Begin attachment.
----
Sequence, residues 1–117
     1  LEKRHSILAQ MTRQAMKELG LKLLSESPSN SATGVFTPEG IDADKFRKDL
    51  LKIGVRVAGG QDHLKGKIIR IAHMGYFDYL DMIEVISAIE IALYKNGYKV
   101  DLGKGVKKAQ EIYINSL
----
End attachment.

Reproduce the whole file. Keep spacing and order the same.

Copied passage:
Sequence, residues 1–117
     1  LEKRHSILAQ MTRQAMKELG LKLLSESPSN SATGVFTPEG IDADKFRKDL
    51  LKIGVRVAGG QDHLKGKIIR IAHMGYFDYL DMIEVISAIE IALYKNGYKV
   101  DLGKGVKKAQ EIYINSL